A falsetto is a method of singing usually used by male singers as it enables you to sing higher notes than your normal range would allow.
Some confuse their falsetto and head voice but, unlike your head voice, a falsetto is more breathy.
How To Develop Your Falsetto
There are a few ways to develop your falsetto. As always, your first priority should always be to keep your voice healthy, so the most important thing to remember is that you should not continue with any exercise if it creates an uncomfortable sensation or if it hurts.
Finding Your Falsetto
First things first, let's look at ways to find your falsetto. Then we can move on to ways to develop it.
A voice teacher working with students who want to might ask them to speak in a "little boy" voice. Think toddler, about three or four years old. This voice would naturally be in a higher register than you usually speak or sing.
If the idea of talking like a little boy does not work, try imitating a breathy Marilyn Monroe. This should help you get that air and breathiness right. This air or breath in your voice is what sets your head voice and your falsetto apart.
Because there is so much air involved in a falsetto you won't be able to sing loudly right away. Don't force anything. Falsetto is naturally softer than your normal voice.
What is important to keep in mind is that a falsetto is breathy. You should feel vibrations internally. If you simply go into a higher register you will probably be using your head voice.
Developing Your Falsetto
Now that you have found your falsetto you can start developing it.
First, it is good to note that you should try to stick to "e" and "o" vowels on the journey of developing your falsetto. These vowels naturally let your vocal folds go, and that is exactly what you would want to accomplish.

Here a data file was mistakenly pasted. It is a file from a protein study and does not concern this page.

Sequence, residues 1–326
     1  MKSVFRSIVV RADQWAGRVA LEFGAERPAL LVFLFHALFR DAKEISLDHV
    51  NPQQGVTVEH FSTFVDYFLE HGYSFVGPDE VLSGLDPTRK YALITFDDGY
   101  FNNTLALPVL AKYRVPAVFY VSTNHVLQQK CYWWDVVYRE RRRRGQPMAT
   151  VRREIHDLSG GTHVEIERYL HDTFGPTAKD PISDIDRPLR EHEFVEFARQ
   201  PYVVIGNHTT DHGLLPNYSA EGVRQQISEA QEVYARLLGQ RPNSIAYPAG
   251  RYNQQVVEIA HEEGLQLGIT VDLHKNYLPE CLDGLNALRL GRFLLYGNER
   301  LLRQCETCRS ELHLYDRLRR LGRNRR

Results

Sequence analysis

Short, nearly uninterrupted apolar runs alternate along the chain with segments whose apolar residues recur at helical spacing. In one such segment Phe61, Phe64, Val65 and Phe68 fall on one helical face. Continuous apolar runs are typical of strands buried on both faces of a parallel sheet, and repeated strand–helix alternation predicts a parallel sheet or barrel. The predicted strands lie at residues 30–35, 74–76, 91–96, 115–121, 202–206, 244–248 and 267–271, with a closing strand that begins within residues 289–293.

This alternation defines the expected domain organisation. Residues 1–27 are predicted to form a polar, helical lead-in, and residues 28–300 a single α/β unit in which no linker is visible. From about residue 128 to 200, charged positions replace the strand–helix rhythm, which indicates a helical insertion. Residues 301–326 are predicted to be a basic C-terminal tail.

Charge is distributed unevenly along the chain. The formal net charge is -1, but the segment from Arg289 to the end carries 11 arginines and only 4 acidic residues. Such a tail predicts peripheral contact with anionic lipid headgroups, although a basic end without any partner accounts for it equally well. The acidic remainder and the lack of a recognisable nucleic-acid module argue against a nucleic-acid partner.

The sound made with a falsetto is created when your vocal cords do not fully come together. This also means that you should not feel the sound in your body.
Think about what you feel in your body when singing lower tones, this ‘fullness' should be avoided. Think airy and light.
Your falsetto should, however, be felt in your sinuses and the sound should feel like it is going out the top of your head. To help with this try to imagine a piece of string pulling the sound out the top of your head.
If you have taken a lesson or two you might have heard the phrase ‘open your head'. To reach those higher notes it is best to keep your mouth and lungs, open and relaxed.
Lowering Your Larynx
Your larynx moves up and down when you swallow, so you can also try to lower your larynx to open up.
Stand in front of a mirror and look at your Adam's apple while swallowing. See that movement?
Now try to keep it down when you are singing. This might not happen on your first try, but keep going...it is possible.
I can not stress how important it is to relax. Ultimately singing should be fun, but if you tense up, so does your breathing.
Don't hold back or concentrate too hard on the sound you are making either. Just let it out and feel it.
While you are working to develop your falsetto you might notice that the sound you produce is not as strong or as loud as you are used to. But don't worry...this is normal.
Developing Your Falsetto Take Time
As you start getting used to the sound of your falsetto it will also start to sound more natural to you, and eventually you will come to feel more comfortable with it.
Always remember, to keep the health of your voice in mind when training, so never push too hard or too far.
Knowing where your boundaries are is also a major strength to have, and there's no point in damaging your vocal chords. When you are working to develop your falsetto, try to stretch your boundaries but, ultimately, remember that it will take some time - so be patient with yourself.
About the Author: Julie Adams
I am a mom, a music lover and teacher from Tampa, FL. After completing a Bachelor of Music in Performance Arts, I traveled for several years before returning home where I started offering private piano and singing lessons as extra income. I met my husband in 2009 and 2 years later moved to Dallas where we settled down and I started focusing on vocal training to aspiring singers and performance artists of all age groups. I still enjoy playing the piano very much, and in my spare time you will catch doing some horse riding, drawing, doing some light reading, or just spending quality time with my family.